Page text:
Maine Law hosts National Admiralty Moot Court Competition  with the University of Texas School of Law in virtual courtrooms

Maine Law hosts National Admiralty Moot Court Competition with the University of Texas School of Law in virtual courtrooms

In the midst of the COVID-19 pandemic, it seemed unlikely that the Judge John R. Brown Admiralty Moot Court Competition could go forward in early April as planned. Each year the University of Texas School of Law jointly holds the national Supreme Court advocacy competition with a local host law school – Maine Law this year. Law students and maritime lawyers from across the country had planned to come to Portland for the event. But by mid-March, it became clear most of them would not be able to travel or gather in courtrooms, and cancellation seemed inevitable.

But canceling was not an option for Maine Law alumnus and adjunct faculty member Robert Bocko, who chaired Maine Law’s organizing committee. “Our mission was to educate students first and foremost, and the competing students had already worked so hard,” said Bob. “We and our excellent partners in Texas were determined to hold the Competition on schedule. We saw that we had an opportunity to deliver a modern educational experience the likes of which may have never been attempted before.”

Thus, plans for in person arguments were shelved and efforts quickly shifted to arranging for students to present oral arguments to judges in virtual courtrooms. The initial goal was to hold preliminary round arguments by phone and elimination round arguments via Zoom meetings. But as familiarity and comfort with Zoom grew during practice sessions with Competition judges, confidence emerged that arguments in all rounds could proceed in virtual Zoom courtrooms where students and judges could see and hear each other wherever they were located.

“I knew we were being ambitious in trying to hold the Competition remotely on two weeks’ notice,“ said Prof. Michael Sturley of the University of Texas Law School, “but having worked with Bob Bocko in the past, I knew that we could get it done.”

On April 1, twenty-three teams from sixteen law schools began the four-day Competition.  Judges near and far, most of whom had never used Zoom before, grilled students and scored presentations from their homes or offices.

All teams presented arguments in three preliminary rounds. Top teams (based on brief and oral argument scores) advanced to the quarter and then semi-final rounds. Then Duke narrowly beat Florida State in the championship round argued on Zoom to First Circuit Judge Kermit Lipez and Justices Ellen Gorman and Joseph Jabar of the Maine Supreme Judicial Court – a first for all three jurists.

“As a moot court judge, I did not think a great deal was lost being online with a visual connection,” said Attorney Charles Remmel II of Kelly, Remmel, and Zimmerman.  “What is engaging as a moot court judge is the energy the students bring to their participation and arguments.  I was seeing the incoming generation of lawyers presenting at their best.  This makes one optimistic about the future of justice under our system.”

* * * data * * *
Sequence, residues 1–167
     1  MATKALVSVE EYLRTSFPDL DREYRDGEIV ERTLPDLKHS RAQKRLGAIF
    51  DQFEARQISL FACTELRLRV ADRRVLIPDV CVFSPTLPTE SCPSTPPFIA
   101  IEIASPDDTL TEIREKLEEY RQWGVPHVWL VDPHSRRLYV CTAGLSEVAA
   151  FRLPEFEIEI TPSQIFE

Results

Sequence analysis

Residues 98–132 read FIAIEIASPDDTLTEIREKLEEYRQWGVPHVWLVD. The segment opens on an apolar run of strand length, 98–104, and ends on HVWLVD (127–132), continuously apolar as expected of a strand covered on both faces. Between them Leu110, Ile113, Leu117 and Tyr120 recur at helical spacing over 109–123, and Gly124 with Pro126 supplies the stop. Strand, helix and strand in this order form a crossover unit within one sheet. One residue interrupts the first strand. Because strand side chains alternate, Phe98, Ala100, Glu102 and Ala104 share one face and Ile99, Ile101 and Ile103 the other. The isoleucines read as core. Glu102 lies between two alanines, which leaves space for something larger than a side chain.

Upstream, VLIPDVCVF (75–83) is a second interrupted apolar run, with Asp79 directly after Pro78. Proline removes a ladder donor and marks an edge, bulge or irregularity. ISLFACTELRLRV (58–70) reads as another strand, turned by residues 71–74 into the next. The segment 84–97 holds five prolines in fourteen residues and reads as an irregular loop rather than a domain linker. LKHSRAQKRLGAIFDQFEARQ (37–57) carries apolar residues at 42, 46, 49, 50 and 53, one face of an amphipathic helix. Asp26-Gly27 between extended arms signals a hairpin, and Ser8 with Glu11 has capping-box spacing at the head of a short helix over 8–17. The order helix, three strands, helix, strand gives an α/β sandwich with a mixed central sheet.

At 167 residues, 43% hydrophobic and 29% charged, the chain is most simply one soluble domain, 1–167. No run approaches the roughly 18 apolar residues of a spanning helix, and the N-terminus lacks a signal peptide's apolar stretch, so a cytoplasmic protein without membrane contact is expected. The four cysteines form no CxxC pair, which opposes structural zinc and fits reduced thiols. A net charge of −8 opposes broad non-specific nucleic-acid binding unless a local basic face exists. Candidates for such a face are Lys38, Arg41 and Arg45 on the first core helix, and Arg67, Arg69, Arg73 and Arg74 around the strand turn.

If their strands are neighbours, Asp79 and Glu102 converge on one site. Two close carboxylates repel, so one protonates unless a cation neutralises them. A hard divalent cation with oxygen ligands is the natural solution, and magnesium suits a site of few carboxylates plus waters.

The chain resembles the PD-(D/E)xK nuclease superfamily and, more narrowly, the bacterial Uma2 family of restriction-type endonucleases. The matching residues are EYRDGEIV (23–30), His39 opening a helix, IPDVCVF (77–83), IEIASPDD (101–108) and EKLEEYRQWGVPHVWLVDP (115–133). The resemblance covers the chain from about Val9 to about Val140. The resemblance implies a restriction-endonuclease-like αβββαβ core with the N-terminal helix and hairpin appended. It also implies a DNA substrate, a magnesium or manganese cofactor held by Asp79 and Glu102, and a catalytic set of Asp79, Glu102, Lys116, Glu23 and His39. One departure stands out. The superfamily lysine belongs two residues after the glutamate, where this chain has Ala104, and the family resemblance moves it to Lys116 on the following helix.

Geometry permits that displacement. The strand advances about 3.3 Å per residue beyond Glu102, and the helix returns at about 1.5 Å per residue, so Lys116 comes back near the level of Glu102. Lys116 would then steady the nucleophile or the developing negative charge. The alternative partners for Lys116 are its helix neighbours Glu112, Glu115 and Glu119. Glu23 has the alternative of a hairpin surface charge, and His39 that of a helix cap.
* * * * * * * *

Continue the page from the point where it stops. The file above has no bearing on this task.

Two Maine Law teams, who were both coached by Professor Angela Arey, competed. Team 1 included Julia MacDonald and Susan Weidner, while Sam Martin, Jon Ruterbories, and Joe Shagoury competed on Team 2.

“It was enjoyable to connect with law students and colleagues across the country–many in their kitchens and living rooms,” said Susan Weidner. “Moot Court competitions are an exciting culmination of much time spent wrapping one’s head around a particular legal issue and preparing to argue both sides of it – this time was no different in that regard, though it was certainly a different experience to make our arguments to attorneys and judges in an online format.”

The Competition even held an awards ceremony on Zoom. Maine Law’s Team 1 took a semi-finalist award and won the award for Best Petitioner’s Brief.

Many people combined efforts to transform the Competition to virtual courtrooms. Maine Law 3L Elena Mihos served as student competition director for the event, and (among many other things) she recruited over twenty 1Ls to serve as bailiffs. Texas Law Prof. Michael Sturley, who has run the Competition for all its 27 years, and Texas Law students Mackenzie Aden and Sarah Crockett ran the virtual courtrooms with Bob Bocko. More than 40 lawyers dove into unfamiliar waters to judge arguments remotely on camera via Zoom, just as real judges across the country are now doing out of necessity.

Tulane University School of Law will host the Competition in 2021, but it will return to Maine in the spring of 2022 for oral arguments in stone and mortar Portland courthouses.